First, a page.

Gov. Haslam Sworn Into Office

On January 15, 2011, in News 2011, by Mark Norris
January 15, 2011

For the first time in state history, the governor’s office and both houses are run by Republicans.

Senate Majority Leader Mark Norris, R – Collierville, said, “There is some special significance for we Republicans this time, but it’s really about a new beginning. It’s an inauguration of a new administration for all the people of Tennessee, regardless of their political party.”

In Haslam’s inaugural address, he said, “As your governor, I promise to be a good listener and a continuous learner, to lead with grace and humility, and when faced with adversity, to respond with determination.”

He and others may need a lot of that determination in the coming days, weeks and months ahead, as the state budget faces serious cuts.

Norris said that about $1.5 billion has been cut from the budget, in various programs and departments. More adjustments are yet to be made.

The governor will present his first budget in March.

“Reductions in programs that are…many of them are social services programs that will be very painful. But we’re not in as bad a shape as a lot of states are that are having to make even deeper cuts than we have,” Norris said.

The challenge will come in having everyone agree on how to cut back.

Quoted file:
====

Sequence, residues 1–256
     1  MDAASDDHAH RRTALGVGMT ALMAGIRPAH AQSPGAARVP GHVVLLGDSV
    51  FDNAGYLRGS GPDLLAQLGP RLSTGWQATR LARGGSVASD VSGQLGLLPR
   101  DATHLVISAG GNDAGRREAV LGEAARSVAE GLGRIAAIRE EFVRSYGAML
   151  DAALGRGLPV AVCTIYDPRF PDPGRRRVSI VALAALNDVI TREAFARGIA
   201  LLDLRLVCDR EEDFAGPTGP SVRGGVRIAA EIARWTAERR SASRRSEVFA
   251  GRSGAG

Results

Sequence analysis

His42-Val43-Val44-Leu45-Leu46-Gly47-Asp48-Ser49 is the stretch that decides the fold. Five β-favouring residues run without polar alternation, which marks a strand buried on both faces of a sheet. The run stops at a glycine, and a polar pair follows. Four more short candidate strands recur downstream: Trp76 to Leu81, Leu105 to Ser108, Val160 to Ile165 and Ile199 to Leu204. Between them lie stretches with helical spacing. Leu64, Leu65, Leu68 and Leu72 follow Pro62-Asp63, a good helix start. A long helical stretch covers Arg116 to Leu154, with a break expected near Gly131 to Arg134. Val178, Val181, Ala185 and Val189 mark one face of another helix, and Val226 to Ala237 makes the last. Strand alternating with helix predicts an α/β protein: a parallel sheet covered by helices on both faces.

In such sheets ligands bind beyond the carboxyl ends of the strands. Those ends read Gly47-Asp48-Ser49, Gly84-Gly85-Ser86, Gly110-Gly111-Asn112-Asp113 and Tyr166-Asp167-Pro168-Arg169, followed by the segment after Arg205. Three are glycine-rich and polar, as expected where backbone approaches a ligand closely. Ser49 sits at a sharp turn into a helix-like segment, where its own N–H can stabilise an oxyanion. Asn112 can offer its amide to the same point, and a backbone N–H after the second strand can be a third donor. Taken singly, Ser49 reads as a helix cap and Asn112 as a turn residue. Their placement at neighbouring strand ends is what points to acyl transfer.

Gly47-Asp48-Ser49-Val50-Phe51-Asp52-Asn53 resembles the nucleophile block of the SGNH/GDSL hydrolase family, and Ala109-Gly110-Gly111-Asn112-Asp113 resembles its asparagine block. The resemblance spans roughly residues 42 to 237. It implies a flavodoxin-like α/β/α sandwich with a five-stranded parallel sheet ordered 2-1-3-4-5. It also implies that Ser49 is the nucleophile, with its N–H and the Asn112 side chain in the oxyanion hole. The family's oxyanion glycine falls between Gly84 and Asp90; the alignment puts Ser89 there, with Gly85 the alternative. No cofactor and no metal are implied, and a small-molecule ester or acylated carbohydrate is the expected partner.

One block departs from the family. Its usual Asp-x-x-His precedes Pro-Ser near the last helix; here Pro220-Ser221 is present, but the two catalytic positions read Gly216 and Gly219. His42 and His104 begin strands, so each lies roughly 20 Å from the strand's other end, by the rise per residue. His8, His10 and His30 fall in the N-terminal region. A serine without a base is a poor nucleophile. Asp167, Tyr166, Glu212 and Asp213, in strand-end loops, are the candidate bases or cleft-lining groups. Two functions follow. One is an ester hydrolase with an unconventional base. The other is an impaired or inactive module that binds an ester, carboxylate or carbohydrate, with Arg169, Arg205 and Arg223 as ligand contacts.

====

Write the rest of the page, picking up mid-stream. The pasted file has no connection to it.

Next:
Rep. John DeBerry, D – Memphis, said that the new era is different, naturally, because of the Republican majorities. But he said the budget-cutting process has been going on for a while and that there would be no “culture shock.”

DeBerry said, “If we concentrate on making sure that we deliver the services at the best price, the best management, not waste money, I’m all for that. So I just want to make sure when we do get ready to cut, we’re still delivering the services.”

Many Tennesseans received free or reduced admission to museums on Saturday as part of the inauguration celebration.

At the National Civil Rights Museum, many voiced their concerns and hopes for the new administration.

“He’s got to be able to keep some type of monies in the budget in order to keep things like this [National Civil Rights Museum] alive and keep it operational and presentable to the public,” said Lynn Trice, who visits Shelby County every year from Georgia.

Allison Renfro, a student in Memphis and originally from Nashville, said, “I think one of the biggest challenges for Tennessee right now is illiteracy, especially here in Memphis. The schools are struggling.”

Renfro was an intern for the Governor’s Books From Birth Foundation, started by Gov. Bredesen. She said that she hopes Gov. Haslam will continue the program.

Others were concerned about bringing in new jobs.

All were waiting to see what the new administration would choose to focus on.

DeBerry said, “I think you’ve got 99 very good people up there. And we happen to disagree on some things. But if all of us live up to the best of our character, and we keep focus on why folks sent us there in the first place, I think we’ll find a solution.”


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